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Residents Take the Lead: A Modern Collaborative Approach to Research During Residency

Authors Atalay AJ, Ard K, Bethea E, Christopher KB, Yialamas MA

Received 19 November 2019

Accepted for publication 4 February 2020

Published 18 February 2020 Volume 2020:11 Pages 121—129


Checked for plagiarism Yes

Review by Single-blind

Peer reviewer comments 3

Editor who approved publication: Dr Anwarul Azim Majumder

Alev J Atalay,1 Kevin Ard,2 Emily Bethea,3 Kenneth B Christopher,4 Maria A Yialamas1

1Department of Medicine, Brigham and Women’s Hospital, Boston, MA 02115, USA; 2Department of Medicine, Massachusetts General Hospital, Boston, MA 02114, USA; 3Department of Gastroenterology, Massachusetts General Hospital, Boston, MA 02114, USA; 4Department of Medicine, Renal Division, Channing Division of Network Medicine, Brigham and Women’s Hospital, Boston, MA 02115, USA

Correspondence: Alev J Atalay; Maria A Yialamas
Department of Medicine, Brigham and Women’s Hospital, 75 Francis Street, Boston, MA 02115, USA
Tel +1 617-732-6038; +1 857-307-4100
Fax +1 857-307-1366

Background: Participation in scholarship is a requirement for Internal Medicine (IM) residencies, but programs struggle to successfully integrate research into busy clinical schedules. In 2013, the IM residency at Brigham and Women’s Hospital implemented the Housestaff Research Project (HRP)— a novel residency-wide research initiative designed to facilitate participation in scholarship. The HRP had two components—a formal research curriculum and an infrastructure that provided funding and mentorship for resident-led, housestaff wide projects.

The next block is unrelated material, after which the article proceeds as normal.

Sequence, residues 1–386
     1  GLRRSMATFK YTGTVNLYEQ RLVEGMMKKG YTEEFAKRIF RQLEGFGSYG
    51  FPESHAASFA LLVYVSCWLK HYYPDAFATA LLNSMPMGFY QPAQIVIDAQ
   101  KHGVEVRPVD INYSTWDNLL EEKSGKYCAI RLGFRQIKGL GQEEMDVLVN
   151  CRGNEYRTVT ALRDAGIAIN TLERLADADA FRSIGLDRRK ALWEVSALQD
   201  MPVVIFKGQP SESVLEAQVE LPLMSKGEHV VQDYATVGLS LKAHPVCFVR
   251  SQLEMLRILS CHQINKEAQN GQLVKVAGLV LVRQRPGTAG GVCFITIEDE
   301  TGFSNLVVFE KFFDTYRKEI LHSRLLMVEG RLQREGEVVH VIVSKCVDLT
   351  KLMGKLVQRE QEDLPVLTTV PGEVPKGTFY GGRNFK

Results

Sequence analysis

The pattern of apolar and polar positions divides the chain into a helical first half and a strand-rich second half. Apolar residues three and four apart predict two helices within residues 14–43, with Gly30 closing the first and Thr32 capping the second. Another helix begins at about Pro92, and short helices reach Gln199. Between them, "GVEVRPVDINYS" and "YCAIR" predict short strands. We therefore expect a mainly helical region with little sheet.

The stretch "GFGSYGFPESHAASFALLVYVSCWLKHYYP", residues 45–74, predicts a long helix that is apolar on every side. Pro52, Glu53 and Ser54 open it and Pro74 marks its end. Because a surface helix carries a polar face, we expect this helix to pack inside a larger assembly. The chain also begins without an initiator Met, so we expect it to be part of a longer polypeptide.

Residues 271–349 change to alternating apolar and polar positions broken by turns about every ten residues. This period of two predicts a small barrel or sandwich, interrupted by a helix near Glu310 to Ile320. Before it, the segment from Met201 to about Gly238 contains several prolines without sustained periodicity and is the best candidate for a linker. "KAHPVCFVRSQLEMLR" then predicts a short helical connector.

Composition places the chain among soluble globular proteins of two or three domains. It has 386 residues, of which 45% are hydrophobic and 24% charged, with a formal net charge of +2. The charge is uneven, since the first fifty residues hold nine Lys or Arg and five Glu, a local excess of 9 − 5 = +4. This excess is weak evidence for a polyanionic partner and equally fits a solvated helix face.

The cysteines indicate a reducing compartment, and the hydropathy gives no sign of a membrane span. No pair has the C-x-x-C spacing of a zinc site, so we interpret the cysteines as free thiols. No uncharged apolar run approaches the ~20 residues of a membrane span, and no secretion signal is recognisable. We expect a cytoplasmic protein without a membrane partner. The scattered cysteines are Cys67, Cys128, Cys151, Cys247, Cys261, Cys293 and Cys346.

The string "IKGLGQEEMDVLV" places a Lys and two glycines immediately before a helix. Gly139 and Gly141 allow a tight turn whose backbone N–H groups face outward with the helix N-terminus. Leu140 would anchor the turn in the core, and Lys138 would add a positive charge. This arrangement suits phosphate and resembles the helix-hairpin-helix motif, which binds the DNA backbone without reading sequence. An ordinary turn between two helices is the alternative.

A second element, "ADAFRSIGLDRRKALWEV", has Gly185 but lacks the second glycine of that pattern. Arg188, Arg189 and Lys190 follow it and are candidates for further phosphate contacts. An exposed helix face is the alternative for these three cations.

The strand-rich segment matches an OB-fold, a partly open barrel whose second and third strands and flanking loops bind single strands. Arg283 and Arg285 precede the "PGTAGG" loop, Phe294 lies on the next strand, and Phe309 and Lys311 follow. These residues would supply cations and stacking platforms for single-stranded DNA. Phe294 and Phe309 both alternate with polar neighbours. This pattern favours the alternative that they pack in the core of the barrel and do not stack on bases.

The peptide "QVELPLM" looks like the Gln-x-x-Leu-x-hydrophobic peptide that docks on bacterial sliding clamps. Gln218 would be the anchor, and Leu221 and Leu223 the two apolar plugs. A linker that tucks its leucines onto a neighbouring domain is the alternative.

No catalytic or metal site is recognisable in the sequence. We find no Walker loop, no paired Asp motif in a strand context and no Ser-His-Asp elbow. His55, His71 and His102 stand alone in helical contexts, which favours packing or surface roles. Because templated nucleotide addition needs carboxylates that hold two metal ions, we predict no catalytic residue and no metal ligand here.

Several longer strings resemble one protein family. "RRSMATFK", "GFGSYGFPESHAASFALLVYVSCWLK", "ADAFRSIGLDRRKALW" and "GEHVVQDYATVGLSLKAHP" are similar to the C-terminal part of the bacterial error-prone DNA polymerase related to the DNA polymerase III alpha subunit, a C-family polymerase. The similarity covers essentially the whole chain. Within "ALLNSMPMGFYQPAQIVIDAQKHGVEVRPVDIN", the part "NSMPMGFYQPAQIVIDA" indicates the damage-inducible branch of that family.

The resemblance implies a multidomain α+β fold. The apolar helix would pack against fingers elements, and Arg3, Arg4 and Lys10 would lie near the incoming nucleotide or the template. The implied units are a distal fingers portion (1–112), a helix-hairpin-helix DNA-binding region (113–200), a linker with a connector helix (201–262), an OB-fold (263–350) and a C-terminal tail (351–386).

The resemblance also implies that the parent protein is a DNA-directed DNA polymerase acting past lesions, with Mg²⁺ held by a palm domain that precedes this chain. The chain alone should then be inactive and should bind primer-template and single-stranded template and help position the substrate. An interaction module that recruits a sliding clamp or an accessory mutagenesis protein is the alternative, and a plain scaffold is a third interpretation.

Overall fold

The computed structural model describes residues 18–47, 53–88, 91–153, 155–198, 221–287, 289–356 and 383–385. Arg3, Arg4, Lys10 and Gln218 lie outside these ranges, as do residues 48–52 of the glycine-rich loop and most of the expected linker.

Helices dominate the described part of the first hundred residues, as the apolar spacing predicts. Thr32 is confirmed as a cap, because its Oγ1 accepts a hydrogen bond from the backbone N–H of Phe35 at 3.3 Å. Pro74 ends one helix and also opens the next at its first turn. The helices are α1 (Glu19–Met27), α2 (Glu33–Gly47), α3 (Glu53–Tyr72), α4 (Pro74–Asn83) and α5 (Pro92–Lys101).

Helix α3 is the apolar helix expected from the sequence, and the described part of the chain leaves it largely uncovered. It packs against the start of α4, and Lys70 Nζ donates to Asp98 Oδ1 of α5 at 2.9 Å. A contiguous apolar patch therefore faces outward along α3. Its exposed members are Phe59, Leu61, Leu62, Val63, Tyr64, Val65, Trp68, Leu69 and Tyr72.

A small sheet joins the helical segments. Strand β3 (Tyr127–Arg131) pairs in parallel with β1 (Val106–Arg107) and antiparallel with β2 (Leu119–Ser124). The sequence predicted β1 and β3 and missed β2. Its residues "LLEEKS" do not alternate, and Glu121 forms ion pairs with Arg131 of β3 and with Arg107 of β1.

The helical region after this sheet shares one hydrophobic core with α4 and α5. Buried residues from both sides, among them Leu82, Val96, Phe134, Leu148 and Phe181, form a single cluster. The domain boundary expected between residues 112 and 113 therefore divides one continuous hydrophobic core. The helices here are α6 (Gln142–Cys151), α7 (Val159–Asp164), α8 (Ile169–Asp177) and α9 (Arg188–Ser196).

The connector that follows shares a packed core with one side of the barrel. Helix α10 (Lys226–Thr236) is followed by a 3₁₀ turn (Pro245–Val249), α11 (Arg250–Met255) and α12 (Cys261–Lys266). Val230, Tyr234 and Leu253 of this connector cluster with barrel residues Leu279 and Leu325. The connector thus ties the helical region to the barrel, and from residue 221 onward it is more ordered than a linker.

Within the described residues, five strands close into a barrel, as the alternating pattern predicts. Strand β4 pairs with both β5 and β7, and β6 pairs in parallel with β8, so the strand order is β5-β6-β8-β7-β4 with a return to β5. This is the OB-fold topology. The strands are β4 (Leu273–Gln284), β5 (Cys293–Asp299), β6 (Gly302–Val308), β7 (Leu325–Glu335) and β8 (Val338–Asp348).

Methods: This is a mixed-methods study of 190 IM residents and two HRP-supported research projects. Seventy-seven residents responded to an electronic survey about their interests in research exposure in residency. Fifty-six residents responded to an electronic survey about their participation in the HRP. The success of HRP-supported projects was evaluated through resident comments, interviews with three residents leading the first two HRPs and a description of the success of the projects based on resident involvement and dissemination of the results.
Results: Eighty-seven percent (n= 67/77) of residents were interested in additional research exposure during residency. Ninety-five percent (n = 53/56) of residents had heard of the HRP, and 77% had participate in at least one aspect of it. Approximately 20 residents were directly involved in the two resident-led projects. HRP-supported projects resulted in presentations at three local and three national conferences, one manuscript in press, and one manuscript in preparation. The resident project leaders felt that a strength and unique aspect of the HRP was the collaboration with co-residents.
Conclusion: The HRP successfully created a culture of research and scholarship within the residency. The HRP leaders and residents that participated in HRP-supported projects expressed the most direct benefits from the program. All residents were exposed to research concepts and methods. Future directions for the HRP include selecting projects that maximize the number of resident participants and integrating a more robust research curriculum.

Keywords: graduate medical education, internal medicine, postgraduate training, research training

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